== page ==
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Halsey I (DLG-23)

Halsey (DLG-23)

Halsey (DLG-23) underway in the Pacific Ocean on 19 September 1975. Photographer: PH1 Harris. Official U.S. Navy photograph from the collections of the Naval History and Heritage Command, NH 106508.

(DLG-23: dp. 7,515(f.) ; l. 533'; b. 54'10" ; s. 30 k.; epl. 377; a. 2 3", 2 Ter. mis., 1 ASROC, 6 tt.; cl. Leahy)

William Frederick Halsey, Jr., born Elizabeth, N.J., 30 October 1882. He was appointed to the U.S. Naval Academy by President William McKinley in 1900 and graduated as a member of the class of 1904. After 2 years at sea, he was commissioned Ensign 2 February 1906. As a junior officer, the future Fleet Admiral served in battleships and destroyers, assuming his first command, Dupont in 1909. His valor and distinction during World War I earned him the Navy Cross.

During World War II Admiral Halsey became one of our most famous leaders as Commander of the legendary 3d Fleet. He exhibited a keen tactical mind that was brilliant and creative. He was the living example of his famous motto, "Hit hard, hit fast, hit often." Before the Pacific war was 2 month old, Admiral Halsey, flying his flag in Enterprise, gained the Presidential Unit Citation for his flagship and the Distinguished Service Medal for himself for his "audacious attack against the Marshall and Gilbert Islands on 31 January 1942."

The 3d Fleet was the greatest seapower force ever assembled and enabled a tactical change from the "hit and run" methods of the early stages of the Pacific war to direct confrontation and assaults. Admiral Halsey, with his flag in New Jersey and later Missouri forced the Japanese fleet back into their inner defenses; and then destroyed the major air and sea installations in the Japanese home islands. He thus prevented any major ensuing offensive and hastened the cessation of hostilities in the Pacific theatre.

Fleet Admiral Halsey died 16 August 1959 at Fishers Island Country Club off the Connecticut shore, and was buried with full military honors at Arlington National Cemetery 20 August 1959. His name will long be revered by Americans who will proudly remember him as one of the greats.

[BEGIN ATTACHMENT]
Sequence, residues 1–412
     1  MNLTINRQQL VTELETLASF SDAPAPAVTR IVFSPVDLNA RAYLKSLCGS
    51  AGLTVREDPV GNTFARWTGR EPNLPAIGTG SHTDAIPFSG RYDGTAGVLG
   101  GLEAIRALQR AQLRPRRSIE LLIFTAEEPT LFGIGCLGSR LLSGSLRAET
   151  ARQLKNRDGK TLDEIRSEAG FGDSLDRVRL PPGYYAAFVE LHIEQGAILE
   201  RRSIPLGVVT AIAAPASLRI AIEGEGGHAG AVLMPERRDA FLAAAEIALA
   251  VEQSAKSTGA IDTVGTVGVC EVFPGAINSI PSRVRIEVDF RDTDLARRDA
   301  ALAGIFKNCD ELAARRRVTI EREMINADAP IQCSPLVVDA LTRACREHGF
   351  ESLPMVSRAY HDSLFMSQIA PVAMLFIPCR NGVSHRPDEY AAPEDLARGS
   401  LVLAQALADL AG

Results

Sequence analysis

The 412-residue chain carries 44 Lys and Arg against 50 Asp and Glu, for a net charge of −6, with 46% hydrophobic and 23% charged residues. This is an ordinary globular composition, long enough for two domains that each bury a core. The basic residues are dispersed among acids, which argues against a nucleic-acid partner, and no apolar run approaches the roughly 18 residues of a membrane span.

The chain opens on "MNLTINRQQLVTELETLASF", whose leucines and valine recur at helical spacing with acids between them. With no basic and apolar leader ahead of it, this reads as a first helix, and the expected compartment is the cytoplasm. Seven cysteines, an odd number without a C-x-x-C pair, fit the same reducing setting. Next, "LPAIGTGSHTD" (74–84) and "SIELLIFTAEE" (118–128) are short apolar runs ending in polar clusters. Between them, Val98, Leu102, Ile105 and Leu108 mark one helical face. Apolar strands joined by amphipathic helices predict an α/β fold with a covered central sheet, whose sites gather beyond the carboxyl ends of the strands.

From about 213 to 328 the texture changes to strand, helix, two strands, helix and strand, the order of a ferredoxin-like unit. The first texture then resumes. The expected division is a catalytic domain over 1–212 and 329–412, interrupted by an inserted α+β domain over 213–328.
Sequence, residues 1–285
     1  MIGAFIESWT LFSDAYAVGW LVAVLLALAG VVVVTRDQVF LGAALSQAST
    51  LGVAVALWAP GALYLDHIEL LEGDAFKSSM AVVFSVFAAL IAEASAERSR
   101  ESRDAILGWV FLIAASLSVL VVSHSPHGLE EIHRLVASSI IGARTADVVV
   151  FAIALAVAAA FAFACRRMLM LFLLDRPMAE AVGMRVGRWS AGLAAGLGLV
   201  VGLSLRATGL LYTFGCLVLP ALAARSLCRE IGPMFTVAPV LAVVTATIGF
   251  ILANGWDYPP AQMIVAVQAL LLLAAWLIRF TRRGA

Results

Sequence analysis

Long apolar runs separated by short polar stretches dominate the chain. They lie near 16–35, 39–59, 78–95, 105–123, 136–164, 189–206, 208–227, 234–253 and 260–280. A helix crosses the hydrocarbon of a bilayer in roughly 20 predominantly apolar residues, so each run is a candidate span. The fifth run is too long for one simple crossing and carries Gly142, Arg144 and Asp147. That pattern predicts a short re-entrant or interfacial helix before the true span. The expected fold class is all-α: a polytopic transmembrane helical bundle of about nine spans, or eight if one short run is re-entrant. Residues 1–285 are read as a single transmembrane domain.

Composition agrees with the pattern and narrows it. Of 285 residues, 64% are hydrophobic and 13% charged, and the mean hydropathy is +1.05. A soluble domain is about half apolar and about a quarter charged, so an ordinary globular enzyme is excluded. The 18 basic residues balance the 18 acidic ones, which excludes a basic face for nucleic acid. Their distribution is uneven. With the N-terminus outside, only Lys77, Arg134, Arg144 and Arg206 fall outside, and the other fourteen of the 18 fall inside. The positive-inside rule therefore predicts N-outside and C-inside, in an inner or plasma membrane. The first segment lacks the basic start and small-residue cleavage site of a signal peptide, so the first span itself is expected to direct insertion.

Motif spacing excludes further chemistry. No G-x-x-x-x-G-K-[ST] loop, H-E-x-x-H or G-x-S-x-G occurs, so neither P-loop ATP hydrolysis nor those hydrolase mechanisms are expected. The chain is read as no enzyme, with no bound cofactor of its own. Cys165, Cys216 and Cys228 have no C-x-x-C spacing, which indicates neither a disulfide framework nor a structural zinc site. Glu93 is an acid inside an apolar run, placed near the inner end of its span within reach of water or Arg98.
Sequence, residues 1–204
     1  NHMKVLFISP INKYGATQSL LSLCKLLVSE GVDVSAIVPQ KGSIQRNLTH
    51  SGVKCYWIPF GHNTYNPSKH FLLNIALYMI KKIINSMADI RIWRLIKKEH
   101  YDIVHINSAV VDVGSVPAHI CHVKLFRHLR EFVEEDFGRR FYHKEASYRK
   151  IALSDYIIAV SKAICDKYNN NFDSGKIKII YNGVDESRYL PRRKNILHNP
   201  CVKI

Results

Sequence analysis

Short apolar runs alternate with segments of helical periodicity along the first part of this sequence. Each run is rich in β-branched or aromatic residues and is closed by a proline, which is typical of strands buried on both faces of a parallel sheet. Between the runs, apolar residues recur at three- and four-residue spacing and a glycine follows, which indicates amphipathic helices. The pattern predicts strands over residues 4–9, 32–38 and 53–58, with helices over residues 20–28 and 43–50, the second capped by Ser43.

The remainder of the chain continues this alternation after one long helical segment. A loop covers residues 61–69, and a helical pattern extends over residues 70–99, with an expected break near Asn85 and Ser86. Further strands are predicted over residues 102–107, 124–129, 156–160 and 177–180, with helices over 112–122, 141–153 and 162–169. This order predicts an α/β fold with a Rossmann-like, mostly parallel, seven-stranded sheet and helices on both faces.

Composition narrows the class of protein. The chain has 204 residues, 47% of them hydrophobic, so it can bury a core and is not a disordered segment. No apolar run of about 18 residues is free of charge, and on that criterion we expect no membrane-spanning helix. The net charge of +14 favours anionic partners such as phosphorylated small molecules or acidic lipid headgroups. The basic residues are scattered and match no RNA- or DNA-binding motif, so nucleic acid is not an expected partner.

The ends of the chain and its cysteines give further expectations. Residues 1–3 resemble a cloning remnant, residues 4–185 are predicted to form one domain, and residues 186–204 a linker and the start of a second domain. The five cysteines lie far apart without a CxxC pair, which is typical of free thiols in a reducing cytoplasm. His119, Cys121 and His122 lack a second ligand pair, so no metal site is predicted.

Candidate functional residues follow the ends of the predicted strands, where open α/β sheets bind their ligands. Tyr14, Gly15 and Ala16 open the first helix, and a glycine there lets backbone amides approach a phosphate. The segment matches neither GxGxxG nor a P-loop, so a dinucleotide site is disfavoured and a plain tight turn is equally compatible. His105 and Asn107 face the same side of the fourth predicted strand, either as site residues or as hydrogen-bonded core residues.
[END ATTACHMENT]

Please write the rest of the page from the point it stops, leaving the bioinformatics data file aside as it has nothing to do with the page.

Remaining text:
Halsey (DLG-23), a guided missile frigate, launched 15 January 1962 at San Francisco Naval Shipyard; sponsored by Mrs. Margaret Denham and Miss Jane Halsey, granddaughters of the late Fleet Admiral; commissioned 20 July 1963, Captain H. H. Anderson, USN, in command. The ceremonies included a eulogy by Fleet Admiral Chester W. Nimitz, USN, on Fleet Admiral Halsey's illustrious career.

Halsey departed San Francisco on 25 November 1963 for Dabob Bay and Carr Island to conduct ASW system alignment tests and acoustical noise surveys until 7 December. She arrived at her home port of San Diego on 11 December 1963.

Halsey was assigned to Destroyer Squadron 7, Destroyer Division 71 on 13 December, and participated in a special sea power demonstration for the Secretary of the Navy, acting as screen commander from 15-18 December. She conducted her weapons qualification trials from 15 January 1964 to 14 February, and fired her first missiles on the Pacific Missile Range on 10 February 1964.

After a shakedown cruise from 16 March to 1 May, she returned to the San Francisco Naval Shipyard on 15 May 1964; and concluded her post-shakedown on 17 July 1964.

During her first years of active service, Halsey experimented with a unique system of internal organization combining all the aspects of the weapons systems and CIC under a combat officer; and separate hull and communications administration departments.

In 1966 Halsey was assigned to Destroyer Squadron 7, Destroyer Division 71, in the Pacific Fleet. On 2 July she left San Diego for Subic Bay, Philippines. By August she was conducting air-sea rescue and ASW operations in the South China Sea. During this period Halsey rescued some 16 airmen in two cruises in the Gulf of Tonkin. On 5 December the frigate departed Yokasuka, Japan, for the West Coast, arriving San Diego 21 December.

The first quarter of 1967 was spent in training cruises off the West Coast. On ]0 April Halsey left San Diego for an overhaul period at San Francisco Bay Naval Shipyard that continued into August. By September Halsey was again involved in further exercises testing her vital capabilities.

Published: Mon Apr 06 13:54:19 EDT 2020